The "seed" of the devil is mentioned, and is a prophecy of the "son of perdition", the "man of sin", i.e. the "Antichrist." Genesis 3:15 prophesies of a final struggle. Right after the first battle of Satan against man, wherein Satan seemed to win, God wanted all to know, that the war is not over, and the eventual winner is already foreknown. God will win!!!
Between the first battle of Genesis 3, and the last battle of Revelation 20 is a history of struggle. These two disciples had just witnessed the "bruising" of the heel. This refers to the crucifixion of the Lord. Jesus explained in this sermon the reason for the crucifixion, the victory of the resurrection, and the guarantee of the defeat of the devil because of this event.
I am sure that the writings in Isaiah were brought up to explain that bruising, and in Isaiah 53 we read:
"...wounded for our transgressions, and bruised for our iniquities."
This bruising is a victory, not a defeat, by being bruised for our iniquities, the Lord secured out victory too. We do not need to fear any defeat by the devil. We are winners with Jesus. A bruising of the heel is not a fatal blow, but the bruising of the head is a fatal one. Jesus was bruised because of our sins, but He rose again. Satan will be bruised and his will be a total defeat... and he will eternally be defeated.
Another of the many passages the Lord undoubtedly showed these two disciples was the passage about ABEL'S SACRIFICE.
This sacrifice prophesied of the Lamb that would shed His blood for man's sin. Cain's sacrifice prophesied of man's works totally being unable to atone for sins. The act of murder against Abel by Cain prophesy of the antagonism, hatred, and abuse of those who have a religion of works against those who sustain a faith in a Lord Who gave Himself for mankind.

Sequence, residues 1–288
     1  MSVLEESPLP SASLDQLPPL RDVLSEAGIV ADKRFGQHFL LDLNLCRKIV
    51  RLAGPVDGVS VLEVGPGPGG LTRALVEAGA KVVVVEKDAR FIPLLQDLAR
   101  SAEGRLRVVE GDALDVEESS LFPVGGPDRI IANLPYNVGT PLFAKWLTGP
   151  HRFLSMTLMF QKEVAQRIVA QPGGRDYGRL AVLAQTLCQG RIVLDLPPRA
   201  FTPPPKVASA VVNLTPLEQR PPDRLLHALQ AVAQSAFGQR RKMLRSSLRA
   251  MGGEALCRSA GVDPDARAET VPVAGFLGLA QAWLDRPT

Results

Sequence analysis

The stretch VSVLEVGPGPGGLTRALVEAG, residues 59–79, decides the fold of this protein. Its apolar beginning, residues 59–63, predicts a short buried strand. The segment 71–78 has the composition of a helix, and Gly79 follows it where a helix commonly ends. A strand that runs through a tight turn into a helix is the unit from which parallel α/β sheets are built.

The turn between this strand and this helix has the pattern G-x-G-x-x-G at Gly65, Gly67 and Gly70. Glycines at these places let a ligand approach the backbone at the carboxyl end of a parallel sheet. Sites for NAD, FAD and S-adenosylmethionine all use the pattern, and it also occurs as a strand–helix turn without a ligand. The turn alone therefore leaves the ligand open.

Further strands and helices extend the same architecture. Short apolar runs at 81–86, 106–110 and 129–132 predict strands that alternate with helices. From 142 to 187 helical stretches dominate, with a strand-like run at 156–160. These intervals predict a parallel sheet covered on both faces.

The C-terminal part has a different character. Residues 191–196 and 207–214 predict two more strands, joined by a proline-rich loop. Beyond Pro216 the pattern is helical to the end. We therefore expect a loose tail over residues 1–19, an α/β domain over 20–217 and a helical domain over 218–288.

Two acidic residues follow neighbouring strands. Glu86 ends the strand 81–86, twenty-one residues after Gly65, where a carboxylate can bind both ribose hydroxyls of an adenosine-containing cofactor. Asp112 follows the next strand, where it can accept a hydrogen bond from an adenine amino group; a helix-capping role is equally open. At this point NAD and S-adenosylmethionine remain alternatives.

The typology in the life of ISAAC had to be preached here by Jesus. The son of promise, i.e. Isaac, is a type of Jesus, Who is also the Promised Seed, Who was promised long before He arrived. Isaac came in God's time, not man's. We long and await the Promised Lord to come, as Abraham long awaited the promised son, Isaac. When Abraham took Isaac to the mountain site where Jesus would someday be crucified, a lamb was provided so Isaac did not die. This illustrated Jesus as the Lamb of God Who would die for our sins.
Another illustrated lesson in the sermon of Jesus was JOSEPH. He was the deliverer who saved those who rejected him many years earlier. Jesus will save the rebellious nation of the Jews during the tribulation, and bring them safely into Petra, wherein He shall deal gently with them to bring reconciliation. Jesus showed Joseph as a type of the rejection that Jesus had just encountered in the trial and crucifixion.
The PROPHECIES in ISAIAH were written almost 800 years before Jesus came in His first coming. Yet, so particular, and so minute are these prophecies, that it could not have been guesswork, or accidental. Jesus preached this sermon from ‘all’ the prophets, so Isaiah certainly was one of those. The truths written by Isaiah about the Messiah were so contrary to the prevailing ideas of the times that it is certain that these are not forgeries. The people were looking for a Messiah Who would free them from poverty, persecution, and troubles. Isaiah presents a Messiah Who came to suffer, die, and be persecuted.